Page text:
Its not a matter of social policy changing, and some of the commenters have suggested. Social policy is always evolving. South Dakota has passed at law explicity at loggerheads with decades of Supreme Court precedent. Its not regulating abortions - which the Supreme Court has held that states can do -- it is banning it outright. That would be almost without precedent in American history and, yes, the Supreme Court judges, including Scalia and Thomas and whoever else, would be ACTIVISTS if they uphold it.

Herein lies the problem – there is nothing in the Constitution which gives the federal courts any say in what laws a State passes regulating or even outright banning abortions. Roe (and now Casey) was simply a case of seven members of the SCOTUS deciding that they personally would prefer that States had different laws (try reading the decision sometime and you’ll see why it’s a textbook example of an outcome in search of a rationale) and decided to implement their preferred public policy – something that is properly reserved to the legislative branch where people can actually, you know, vote for the laws that they have to live under and have a choice of fifty different jurisdictions that might more closely match their policy preference.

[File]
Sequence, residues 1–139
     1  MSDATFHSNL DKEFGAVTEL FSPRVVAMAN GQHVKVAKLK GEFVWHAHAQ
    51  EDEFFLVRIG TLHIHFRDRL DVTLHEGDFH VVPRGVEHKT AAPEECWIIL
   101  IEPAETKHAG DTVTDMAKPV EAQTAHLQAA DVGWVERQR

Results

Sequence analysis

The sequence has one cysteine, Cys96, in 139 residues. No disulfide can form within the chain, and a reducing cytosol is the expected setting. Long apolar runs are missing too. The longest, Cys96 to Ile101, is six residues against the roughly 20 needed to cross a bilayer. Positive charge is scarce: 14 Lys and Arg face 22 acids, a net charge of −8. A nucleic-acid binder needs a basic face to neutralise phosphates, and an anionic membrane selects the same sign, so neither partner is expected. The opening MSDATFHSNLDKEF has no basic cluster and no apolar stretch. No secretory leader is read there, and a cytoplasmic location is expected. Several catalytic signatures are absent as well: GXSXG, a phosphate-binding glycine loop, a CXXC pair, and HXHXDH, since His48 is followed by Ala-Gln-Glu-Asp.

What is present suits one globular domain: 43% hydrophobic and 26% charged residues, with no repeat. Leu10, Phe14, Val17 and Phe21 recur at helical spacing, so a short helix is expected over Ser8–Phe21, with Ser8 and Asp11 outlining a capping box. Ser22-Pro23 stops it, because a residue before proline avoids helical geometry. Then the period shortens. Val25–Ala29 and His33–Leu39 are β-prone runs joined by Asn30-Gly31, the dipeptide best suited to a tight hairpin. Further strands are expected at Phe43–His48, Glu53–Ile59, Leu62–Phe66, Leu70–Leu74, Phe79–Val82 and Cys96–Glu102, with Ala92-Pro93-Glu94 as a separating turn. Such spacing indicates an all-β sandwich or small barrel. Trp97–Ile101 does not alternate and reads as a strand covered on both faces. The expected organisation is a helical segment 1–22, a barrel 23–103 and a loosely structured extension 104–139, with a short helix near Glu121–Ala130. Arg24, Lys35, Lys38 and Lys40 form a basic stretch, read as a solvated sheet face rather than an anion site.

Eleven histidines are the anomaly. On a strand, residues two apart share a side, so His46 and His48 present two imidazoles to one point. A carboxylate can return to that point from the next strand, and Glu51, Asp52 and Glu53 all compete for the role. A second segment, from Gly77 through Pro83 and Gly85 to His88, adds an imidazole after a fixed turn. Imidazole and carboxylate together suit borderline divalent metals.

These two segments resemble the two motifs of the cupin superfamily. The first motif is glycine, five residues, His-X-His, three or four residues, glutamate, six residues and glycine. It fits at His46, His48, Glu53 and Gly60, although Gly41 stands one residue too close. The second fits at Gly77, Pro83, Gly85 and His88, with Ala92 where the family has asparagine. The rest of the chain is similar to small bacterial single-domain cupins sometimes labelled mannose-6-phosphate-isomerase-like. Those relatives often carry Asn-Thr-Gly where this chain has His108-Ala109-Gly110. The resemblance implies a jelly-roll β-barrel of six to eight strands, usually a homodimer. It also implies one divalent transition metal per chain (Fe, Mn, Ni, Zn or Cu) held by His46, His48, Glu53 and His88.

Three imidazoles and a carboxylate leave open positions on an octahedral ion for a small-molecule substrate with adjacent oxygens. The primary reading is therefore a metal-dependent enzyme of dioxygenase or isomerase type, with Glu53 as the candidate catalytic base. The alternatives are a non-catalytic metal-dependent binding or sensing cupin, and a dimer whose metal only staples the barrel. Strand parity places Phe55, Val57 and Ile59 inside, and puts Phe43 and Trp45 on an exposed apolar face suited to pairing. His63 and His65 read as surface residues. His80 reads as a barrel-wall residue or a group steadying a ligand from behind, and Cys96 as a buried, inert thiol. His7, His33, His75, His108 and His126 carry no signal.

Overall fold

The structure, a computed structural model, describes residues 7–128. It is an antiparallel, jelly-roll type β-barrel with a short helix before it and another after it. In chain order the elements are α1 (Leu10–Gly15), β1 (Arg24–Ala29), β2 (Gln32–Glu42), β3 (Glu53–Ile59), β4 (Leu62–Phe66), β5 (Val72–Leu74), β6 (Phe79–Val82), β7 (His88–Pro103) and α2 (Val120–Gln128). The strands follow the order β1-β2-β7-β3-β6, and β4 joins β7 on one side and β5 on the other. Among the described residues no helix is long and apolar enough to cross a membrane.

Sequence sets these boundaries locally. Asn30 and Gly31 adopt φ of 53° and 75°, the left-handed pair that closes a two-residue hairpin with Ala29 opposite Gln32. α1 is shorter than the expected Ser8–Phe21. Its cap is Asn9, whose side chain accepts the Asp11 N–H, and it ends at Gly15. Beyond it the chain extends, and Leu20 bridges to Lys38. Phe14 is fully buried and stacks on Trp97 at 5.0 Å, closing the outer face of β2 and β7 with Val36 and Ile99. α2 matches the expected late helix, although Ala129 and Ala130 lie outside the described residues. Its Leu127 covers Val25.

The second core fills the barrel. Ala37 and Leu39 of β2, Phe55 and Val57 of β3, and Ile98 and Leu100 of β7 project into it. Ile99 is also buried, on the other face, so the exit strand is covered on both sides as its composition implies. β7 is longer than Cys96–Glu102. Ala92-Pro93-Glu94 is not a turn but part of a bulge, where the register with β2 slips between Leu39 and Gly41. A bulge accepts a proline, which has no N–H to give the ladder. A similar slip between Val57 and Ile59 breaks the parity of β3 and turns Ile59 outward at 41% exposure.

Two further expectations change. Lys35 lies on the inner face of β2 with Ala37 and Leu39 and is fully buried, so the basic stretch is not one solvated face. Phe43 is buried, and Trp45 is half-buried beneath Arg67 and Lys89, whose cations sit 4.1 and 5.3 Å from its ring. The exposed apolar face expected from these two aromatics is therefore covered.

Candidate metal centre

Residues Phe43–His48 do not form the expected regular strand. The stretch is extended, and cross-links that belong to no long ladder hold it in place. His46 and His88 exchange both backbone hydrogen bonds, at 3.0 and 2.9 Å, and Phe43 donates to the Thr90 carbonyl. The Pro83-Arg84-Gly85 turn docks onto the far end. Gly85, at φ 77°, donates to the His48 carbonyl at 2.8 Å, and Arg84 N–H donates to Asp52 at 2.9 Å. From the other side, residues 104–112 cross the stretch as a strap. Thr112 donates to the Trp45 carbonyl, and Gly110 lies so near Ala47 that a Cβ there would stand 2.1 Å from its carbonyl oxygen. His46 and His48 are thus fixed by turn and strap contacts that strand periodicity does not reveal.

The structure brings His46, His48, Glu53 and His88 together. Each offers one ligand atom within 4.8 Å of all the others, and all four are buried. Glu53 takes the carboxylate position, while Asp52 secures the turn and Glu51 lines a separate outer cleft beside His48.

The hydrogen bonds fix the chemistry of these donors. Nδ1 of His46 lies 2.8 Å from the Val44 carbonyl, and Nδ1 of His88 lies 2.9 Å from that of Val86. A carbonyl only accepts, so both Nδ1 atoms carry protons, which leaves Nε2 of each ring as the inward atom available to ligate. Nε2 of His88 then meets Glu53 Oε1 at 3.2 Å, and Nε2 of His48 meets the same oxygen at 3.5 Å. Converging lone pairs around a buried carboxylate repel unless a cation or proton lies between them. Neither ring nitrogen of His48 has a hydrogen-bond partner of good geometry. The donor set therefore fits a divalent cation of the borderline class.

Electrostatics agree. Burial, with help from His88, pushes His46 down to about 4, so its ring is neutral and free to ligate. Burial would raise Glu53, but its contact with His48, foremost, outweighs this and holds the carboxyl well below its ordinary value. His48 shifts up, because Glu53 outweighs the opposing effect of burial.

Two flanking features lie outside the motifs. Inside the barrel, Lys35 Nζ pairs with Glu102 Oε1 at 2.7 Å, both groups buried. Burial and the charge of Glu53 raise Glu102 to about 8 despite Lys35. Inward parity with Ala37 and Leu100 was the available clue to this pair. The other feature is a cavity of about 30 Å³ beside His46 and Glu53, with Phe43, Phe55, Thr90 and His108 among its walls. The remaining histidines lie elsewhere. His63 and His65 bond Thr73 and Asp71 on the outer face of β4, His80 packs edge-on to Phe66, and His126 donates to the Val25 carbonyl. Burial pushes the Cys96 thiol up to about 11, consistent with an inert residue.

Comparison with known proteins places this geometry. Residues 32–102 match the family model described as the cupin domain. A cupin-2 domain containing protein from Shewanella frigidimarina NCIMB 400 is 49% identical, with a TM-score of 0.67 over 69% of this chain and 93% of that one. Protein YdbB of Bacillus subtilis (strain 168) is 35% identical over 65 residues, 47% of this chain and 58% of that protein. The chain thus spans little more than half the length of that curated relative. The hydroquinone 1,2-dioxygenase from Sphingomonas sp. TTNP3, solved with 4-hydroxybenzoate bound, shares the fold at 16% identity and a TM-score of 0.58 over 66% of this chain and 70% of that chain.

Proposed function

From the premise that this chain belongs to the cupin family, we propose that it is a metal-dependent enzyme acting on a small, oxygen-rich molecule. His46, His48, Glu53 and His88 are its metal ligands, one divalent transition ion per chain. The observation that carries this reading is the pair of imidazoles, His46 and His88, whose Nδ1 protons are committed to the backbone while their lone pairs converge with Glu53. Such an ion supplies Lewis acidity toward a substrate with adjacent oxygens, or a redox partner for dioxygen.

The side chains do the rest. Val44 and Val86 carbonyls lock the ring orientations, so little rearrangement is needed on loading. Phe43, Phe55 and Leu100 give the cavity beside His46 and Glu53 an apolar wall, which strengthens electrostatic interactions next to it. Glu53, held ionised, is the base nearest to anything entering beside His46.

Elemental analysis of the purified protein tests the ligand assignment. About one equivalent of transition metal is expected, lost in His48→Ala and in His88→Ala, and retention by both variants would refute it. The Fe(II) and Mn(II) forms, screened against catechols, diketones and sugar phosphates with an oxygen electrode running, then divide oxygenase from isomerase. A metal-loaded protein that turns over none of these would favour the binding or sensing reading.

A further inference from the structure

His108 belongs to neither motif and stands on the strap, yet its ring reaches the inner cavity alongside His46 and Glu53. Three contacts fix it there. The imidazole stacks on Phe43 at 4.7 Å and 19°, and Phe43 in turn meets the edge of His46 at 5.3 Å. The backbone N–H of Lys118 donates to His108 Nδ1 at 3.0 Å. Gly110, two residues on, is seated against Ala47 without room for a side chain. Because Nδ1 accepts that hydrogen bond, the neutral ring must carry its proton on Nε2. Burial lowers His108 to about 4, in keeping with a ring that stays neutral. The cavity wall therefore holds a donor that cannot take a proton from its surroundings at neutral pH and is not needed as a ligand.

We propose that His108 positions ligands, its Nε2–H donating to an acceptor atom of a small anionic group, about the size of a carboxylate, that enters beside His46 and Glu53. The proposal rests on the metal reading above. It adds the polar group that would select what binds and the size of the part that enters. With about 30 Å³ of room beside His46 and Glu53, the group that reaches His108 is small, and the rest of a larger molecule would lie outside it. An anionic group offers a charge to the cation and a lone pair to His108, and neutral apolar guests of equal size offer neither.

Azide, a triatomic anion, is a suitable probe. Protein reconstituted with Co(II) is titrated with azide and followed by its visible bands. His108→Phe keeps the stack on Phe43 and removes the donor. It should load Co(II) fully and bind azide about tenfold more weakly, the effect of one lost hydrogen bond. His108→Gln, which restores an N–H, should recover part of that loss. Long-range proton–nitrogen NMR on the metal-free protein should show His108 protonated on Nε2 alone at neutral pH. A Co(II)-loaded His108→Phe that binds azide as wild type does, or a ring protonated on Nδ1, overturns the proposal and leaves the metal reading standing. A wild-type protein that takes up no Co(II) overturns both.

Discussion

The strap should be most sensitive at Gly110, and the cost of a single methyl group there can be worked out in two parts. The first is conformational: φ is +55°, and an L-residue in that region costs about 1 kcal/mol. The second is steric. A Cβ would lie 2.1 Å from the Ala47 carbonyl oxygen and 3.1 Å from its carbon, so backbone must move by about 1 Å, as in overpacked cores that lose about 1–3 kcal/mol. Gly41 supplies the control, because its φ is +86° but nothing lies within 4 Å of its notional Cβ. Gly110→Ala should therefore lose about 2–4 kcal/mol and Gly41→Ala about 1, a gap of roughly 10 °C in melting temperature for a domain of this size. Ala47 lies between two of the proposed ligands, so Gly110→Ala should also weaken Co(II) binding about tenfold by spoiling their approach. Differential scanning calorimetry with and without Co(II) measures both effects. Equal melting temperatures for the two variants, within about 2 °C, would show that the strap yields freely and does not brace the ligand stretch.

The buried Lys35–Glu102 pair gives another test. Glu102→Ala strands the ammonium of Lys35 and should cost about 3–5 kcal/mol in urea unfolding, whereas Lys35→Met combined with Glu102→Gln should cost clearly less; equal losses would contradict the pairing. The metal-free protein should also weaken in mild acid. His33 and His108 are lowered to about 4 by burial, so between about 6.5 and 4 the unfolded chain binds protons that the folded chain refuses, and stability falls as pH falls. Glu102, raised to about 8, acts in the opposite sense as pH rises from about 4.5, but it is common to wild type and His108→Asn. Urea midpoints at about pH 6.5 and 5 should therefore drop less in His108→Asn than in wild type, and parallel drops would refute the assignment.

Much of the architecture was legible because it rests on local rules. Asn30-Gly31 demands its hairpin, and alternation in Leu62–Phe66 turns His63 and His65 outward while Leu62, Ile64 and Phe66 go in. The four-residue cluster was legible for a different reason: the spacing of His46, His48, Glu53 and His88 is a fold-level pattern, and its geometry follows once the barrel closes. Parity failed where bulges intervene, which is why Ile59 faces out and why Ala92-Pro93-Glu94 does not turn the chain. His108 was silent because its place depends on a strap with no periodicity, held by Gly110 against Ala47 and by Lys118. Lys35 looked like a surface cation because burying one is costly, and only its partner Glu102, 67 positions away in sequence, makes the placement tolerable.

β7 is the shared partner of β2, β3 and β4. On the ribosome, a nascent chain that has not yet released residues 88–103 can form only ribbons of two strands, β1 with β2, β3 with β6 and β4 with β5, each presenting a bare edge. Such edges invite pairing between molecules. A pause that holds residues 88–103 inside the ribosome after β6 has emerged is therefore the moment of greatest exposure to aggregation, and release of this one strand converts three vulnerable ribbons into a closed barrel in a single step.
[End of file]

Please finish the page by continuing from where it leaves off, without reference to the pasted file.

In which case reversing Roe (or rather Casey) simply restores the original and proper constitutional order that leaves public policy decisions like abortion to the State legislatures where they belong.

reader_iam said...

Geoduck2:

Respectfully, would you consider parsing your stance with regard to pregnancy progression ... if you think it's appropriate and feel comfortable doing that, of course?

Your examples refer to the 2nd trimester (which indeed is significant because the standard time for an amnio fall smack-dab in the middle of that one). (And I don't say that lightly: my own amnio, for the son I to whom I often refer, was deeply dreaded because in connection with a surgery, I happened to take a very no-no drug when I didn't know I was pregnant.)